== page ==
Office of the Chief Accountant:
Letter from SEC Acting Chief Accountant Chief Accountant and Director of Corporation Finance to the Institute of Chartered Accountants of England and Wales re:
The Use of Clarifying Language in UK Audit Opinions
February 28, 2003
Mr. Peter Wyman
The Institute of Chartered Accountants
of England and Wales
Chartered Accountants' Hall
PO. Box 433 Moorgate Place
London EC2P 2BJ
Dear Mr. Wyman:
This is in response to your letter and our subsequent meeting on the use of clarifying language in United Kingdom (UK) audit opinions. We understand that, in response to a recent court decision in Scotland, you are advising your members to include certain language in their audit opinions for UK companies, with the view to clarifying the parties to whom the auditors owe a duty of care and avoiding unintended liability to third parties who may seek to rely on the audit opinion. Your communications with us focused on the impact of this advice on UK companies that also file reports with the Commission containing audit opinions signed by UK auditors. Specifically, you have asked for our views on the inclusion of similar clarifying language in audit opinions contained in filings with the Commission.
As we discussed, audit reports contained in Commission filings are intended to be general use reports rather than restricted reports, and we would not accept a filing that contained an audit opinion prepared in accordance with U.S. generally accepted audit standards (GAAS) that contained the clarifying language. We understand that you may seek to expand the clarifying language in the auditors' UK opinion with a view to limiting reliance by third parties on opinions of the same auditors, relating to financial statements for the same periods, that are issued in jurisdictions outside the UK. The wording of the UK audit opinion is an issue of UK law and practice that you will, no doubt, be discussing with your UK counsel. Our primary concern is that annual reports filed by foreign private issuers on Form 20-F (or reports of other registrants filed with the Commission) contain an unrestricted audit opinion in accordance with US GAAS.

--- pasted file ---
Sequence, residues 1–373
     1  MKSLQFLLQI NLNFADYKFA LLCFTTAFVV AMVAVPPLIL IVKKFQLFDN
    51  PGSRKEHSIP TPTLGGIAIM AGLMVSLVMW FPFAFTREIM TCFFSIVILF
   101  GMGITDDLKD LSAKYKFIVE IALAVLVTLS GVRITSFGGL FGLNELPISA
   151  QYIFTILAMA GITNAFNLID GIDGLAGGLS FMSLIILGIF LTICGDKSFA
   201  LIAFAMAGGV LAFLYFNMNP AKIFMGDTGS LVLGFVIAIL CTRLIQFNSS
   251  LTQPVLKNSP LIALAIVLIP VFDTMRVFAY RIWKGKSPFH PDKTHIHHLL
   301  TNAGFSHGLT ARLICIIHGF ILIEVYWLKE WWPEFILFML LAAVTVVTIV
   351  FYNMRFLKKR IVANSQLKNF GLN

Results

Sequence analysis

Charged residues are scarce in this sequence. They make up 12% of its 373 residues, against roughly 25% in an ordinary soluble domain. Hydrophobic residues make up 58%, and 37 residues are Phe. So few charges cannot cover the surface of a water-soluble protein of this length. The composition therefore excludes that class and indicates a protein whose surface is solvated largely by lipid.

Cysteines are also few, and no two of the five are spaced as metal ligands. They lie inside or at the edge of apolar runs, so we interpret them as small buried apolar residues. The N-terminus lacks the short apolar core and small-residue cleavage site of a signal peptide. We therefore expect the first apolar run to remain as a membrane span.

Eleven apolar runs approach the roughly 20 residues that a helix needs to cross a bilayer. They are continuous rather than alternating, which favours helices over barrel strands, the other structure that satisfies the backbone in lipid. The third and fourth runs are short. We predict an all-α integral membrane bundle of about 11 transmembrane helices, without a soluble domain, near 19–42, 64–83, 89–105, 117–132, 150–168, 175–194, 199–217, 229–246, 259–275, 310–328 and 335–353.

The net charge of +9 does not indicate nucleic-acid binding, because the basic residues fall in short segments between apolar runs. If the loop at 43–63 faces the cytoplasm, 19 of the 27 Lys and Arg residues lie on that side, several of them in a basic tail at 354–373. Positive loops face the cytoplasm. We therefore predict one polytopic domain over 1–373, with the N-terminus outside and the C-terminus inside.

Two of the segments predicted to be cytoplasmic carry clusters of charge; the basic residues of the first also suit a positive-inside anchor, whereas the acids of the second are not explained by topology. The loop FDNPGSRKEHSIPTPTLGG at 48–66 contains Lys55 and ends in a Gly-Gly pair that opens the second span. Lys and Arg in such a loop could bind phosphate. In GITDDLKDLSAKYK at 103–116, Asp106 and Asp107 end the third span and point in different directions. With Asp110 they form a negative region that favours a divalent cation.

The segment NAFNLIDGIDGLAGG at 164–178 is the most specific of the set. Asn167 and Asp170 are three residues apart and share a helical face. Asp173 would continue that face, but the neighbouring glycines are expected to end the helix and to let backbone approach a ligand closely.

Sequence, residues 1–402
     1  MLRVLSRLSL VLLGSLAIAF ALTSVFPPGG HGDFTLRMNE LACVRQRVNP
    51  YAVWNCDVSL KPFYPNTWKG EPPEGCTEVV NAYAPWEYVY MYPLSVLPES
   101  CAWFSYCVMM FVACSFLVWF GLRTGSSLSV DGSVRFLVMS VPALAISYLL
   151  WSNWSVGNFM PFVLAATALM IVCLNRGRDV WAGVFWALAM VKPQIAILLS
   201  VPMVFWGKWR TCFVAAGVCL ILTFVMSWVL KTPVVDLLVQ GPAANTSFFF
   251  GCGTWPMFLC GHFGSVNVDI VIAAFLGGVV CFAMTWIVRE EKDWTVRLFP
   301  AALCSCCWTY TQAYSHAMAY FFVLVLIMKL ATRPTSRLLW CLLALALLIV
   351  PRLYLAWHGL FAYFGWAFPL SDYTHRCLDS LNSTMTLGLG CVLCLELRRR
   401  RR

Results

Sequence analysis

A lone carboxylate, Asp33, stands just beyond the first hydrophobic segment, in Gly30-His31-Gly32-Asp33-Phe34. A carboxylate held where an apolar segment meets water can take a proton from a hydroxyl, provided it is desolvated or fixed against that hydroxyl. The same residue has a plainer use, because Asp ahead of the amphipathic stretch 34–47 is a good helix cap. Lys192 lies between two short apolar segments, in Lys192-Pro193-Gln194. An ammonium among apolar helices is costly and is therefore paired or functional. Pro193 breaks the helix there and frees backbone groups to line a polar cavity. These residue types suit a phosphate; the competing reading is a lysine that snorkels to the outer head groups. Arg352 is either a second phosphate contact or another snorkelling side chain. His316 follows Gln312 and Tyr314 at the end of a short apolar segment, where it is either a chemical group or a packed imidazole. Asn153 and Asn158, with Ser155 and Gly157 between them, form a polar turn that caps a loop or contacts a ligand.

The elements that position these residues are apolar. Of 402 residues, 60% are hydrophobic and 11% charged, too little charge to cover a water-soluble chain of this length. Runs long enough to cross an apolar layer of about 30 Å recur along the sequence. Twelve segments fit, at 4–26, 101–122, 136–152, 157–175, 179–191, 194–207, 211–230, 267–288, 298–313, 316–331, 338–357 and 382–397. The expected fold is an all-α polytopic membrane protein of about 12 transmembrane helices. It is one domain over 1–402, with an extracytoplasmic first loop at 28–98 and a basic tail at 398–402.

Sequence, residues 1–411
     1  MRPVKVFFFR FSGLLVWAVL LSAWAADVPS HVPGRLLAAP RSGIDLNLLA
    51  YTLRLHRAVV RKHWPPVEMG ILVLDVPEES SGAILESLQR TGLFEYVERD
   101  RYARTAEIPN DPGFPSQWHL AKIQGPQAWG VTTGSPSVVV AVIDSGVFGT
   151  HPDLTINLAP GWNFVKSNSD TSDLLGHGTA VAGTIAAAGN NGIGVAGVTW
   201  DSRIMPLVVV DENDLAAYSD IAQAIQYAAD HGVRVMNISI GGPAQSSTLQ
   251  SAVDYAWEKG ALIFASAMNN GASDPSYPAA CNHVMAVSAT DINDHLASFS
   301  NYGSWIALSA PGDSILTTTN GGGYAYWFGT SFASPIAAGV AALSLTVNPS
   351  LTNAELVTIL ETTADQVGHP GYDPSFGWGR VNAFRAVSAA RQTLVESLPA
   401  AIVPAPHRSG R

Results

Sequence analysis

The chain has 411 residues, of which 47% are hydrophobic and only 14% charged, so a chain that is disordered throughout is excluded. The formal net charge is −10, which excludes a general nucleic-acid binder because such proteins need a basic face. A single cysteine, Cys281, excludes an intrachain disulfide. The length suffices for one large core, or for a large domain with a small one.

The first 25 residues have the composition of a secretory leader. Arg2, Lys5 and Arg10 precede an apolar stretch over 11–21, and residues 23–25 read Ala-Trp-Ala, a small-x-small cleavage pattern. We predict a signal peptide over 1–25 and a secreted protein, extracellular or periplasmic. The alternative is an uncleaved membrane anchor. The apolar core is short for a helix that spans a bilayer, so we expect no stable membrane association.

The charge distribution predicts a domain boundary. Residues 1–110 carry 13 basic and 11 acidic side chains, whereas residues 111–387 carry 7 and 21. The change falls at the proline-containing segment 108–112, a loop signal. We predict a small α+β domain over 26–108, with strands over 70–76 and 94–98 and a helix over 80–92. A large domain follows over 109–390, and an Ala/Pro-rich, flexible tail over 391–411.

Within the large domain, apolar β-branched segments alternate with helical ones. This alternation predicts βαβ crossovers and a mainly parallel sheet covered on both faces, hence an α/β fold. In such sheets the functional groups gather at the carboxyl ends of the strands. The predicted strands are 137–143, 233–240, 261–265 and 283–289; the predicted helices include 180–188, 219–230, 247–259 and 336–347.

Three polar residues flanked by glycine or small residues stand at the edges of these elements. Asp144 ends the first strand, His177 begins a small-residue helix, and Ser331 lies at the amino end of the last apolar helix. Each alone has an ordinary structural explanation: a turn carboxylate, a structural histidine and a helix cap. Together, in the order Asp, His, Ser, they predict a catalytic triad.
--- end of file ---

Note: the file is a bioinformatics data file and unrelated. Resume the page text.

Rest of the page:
Companies that file reports containing audited financial statements in both the UK and the US will need to address issues such as presentation and incorporation by reference that are raised by the existence of both a UK and US form of audit opinion. In no circumstances, however, should an audit opinion containing restrictions, such as the UK form of audit opinion, be included as part of, or incorporated into, the annual report on Form 20-F or any other report filed with the Commission. We suggest that companies with questions relating to those issues call our office or the Division of Corporation Finance to discuss their specific proposals for addressing those issues. In addition, companies will need to consider the listing requirements of the relevant U.S. securities exchanges and the NASDAQ Stock Market.
Jackson M. Day
Acting Chief Accountant
Office of the Chief Accountant
Alan L. Beller|
Director, Division of Corporation